Holiday Organizing 101: Dagmar Obert’s Guide to Storing Christmas Decorations
Taking down your Christmas decorations can be a daunting chore. Once the celebrations are over, it’s a bit of a drag to go to work and take down those pieces that once filled us with excitement and reminded us of the wonders of the season. Fortunately, through a well-planned process, storing your holiday decorations and other items for the off-season can be a quick and hassle-free task. To give you some tips, here’s a guide that details my ideas for storing holiday decorations.
Decide on Your Containers and What Will Go in Them
The first step to putting away holiday décor is figuring out the appropriate containers to store them in. Before you do anything else, make sure these are prepared. Take out the original packaging: boxes, plastic containers, and foliage bags. If you purchased more items in preparation for the season, you may have to buy more storage boxes. It’s also important to note that you may not have enough room in your area, so remember to spread the boxes across your home.
I previously placed similar items together in a single box, but this year, I decided to organize the containers by room. If a room has more than one container, I list down the contents per package. I figured that this might make things easier when I decide to put up all my décor once Christmas season comes around again.
A good example is my guest bedroom box. Inside are my faux garland, snow globe, string of beads and ornaments, and a couple of other accents. I also previously purchased several woodland animals and a couple of rustic accents that I plan to use on a tree in the same area. Storing items by room allows for easy setup in the next Christmas season. I won’t need to hunt through all the boxes to find the ones that I need. I just simply open up one or two containers.
This system provides the perfect opportunity for homeowners to be creative. They can mix and match decorating themes once the holidays come – like what I do. Next year, my daughter is already toying with the idea of having a snow-flocked small tree in her room surrounded by woodland creatures. In addition, this system is also helpful when you have a singular theme for your entire home. Most importantly, organizing by room streamlines the entire process. Taking out your décor and putting them up or out on display will be quick once the holiday season arrives.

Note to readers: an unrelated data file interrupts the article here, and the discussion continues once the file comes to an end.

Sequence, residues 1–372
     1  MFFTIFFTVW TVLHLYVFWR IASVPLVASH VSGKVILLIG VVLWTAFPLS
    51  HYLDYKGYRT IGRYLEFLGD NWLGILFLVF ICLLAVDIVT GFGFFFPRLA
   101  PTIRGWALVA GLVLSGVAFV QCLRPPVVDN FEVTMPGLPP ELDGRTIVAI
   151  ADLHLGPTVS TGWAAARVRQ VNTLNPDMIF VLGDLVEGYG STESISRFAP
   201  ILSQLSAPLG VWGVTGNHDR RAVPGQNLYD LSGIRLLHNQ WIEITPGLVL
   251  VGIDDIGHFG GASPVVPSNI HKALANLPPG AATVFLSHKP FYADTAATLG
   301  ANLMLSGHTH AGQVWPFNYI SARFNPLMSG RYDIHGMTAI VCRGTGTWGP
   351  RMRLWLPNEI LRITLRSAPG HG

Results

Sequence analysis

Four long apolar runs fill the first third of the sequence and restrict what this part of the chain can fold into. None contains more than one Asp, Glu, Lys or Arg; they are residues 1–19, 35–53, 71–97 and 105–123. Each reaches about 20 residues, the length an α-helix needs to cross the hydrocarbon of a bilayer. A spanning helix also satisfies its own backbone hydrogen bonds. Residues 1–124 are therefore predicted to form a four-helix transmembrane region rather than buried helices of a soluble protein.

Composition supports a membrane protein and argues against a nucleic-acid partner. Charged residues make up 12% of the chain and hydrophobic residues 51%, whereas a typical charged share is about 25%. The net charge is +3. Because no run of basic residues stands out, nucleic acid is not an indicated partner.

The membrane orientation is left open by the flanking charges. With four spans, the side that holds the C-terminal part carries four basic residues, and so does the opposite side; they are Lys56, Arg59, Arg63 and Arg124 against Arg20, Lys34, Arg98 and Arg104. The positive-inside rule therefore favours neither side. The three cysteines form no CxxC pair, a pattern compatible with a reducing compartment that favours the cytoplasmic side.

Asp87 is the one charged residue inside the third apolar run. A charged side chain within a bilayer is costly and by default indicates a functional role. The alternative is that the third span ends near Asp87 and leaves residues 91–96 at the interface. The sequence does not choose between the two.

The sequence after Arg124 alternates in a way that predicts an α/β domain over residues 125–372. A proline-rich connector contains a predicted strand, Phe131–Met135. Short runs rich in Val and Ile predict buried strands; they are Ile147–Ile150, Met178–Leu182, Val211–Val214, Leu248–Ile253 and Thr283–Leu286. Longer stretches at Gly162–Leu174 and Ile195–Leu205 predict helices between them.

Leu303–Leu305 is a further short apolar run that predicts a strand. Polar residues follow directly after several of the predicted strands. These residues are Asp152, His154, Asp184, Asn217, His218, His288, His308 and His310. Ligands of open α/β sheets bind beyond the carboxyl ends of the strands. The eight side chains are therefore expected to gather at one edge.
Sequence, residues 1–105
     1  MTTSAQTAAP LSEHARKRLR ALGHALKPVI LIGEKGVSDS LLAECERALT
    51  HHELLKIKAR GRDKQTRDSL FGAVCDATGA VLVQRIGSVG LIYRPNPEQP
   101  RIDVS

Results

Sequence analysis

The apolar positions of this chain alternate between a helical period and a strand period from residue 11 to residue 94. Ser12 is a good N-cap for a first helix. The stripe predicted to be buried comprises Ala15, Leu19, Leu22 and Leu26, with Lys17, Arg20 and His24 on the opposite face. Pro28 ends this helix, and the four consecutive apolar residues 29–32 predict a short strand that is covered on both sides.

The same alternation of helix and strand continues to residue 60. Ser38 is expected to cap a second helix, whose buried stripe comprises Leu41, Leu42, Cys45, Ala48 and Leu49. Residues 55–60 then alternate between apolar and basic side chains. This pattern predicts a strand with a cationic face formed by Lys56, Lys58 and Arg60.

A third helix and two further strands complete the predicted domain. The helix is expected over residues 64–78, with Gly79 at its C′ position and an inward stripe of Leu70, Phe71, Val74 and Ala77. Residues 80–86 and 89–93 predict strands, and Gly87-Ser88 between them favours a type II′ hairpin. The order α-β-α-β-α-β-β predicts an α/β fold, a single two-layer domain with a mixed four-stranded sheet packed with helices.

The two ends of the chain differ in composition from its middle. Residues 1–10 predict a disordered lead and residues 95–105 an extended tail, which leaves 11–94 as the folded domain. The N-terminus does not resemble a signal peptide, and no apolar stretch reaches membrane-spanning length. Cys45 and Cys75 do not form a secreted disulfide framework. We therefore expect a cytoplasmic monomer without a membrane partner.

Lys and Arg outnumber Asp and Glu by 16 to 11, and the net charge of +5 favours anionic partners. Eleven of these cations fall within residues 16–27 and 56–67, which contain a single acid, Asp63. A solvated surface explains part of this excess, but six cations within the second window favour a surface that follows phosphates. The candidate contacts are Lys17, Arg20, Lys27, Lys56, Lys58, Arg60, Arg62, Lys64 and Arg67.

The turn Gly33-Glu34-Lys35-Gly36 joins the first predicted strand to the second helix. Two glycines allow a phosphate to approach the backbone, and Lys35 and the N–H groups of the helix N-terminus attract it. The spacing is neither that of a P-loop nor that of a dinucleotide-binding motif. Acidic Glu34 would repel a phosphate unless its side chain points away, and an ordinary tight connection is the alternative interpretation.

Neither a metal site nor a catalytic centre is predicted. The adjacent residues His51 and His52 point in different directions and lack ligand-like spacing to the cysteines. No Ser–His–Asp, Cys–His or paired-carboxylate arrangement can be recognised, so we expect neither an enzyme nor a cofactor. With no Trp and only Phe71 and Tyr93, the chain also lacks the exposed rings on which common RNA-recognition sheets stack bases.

Take Down Your Tree
Once all the storage containers are prepared, start removing your décor, beginning with your artificial evergreen. For your Christmas tree, there are three steps in order to do things efficiently. Here they are:
1. Remove All Your Ornaments
Place all your ornaments on a large flat surface, such as a table or a counter. Arrange them according to how you will pack them. For picks and specialized floral pieces, keep these separated from other adornments. These will more likely go in a different container anyway so it will be good if they have their own place.
Once they’re off your tree, start placing them back in their original packaging or into your prepared containers.
2. Take Off Beaded Garlands and Lights
For beaded garlands, carefully straighten them out first. Afterwards, insert each strand in an individual bag or wrap them around a rigid cardboard. This will keep the strand from tangling and getting damaged. My own garland is not particularly well made. It’s a tad bit fragile. But it looks wonderful and I love it. So I make sure it’s well-protected by placing it inside a durable Ziploc pack or a plastic grocery bag that is scrunched. This keeps the garland from getting scratched.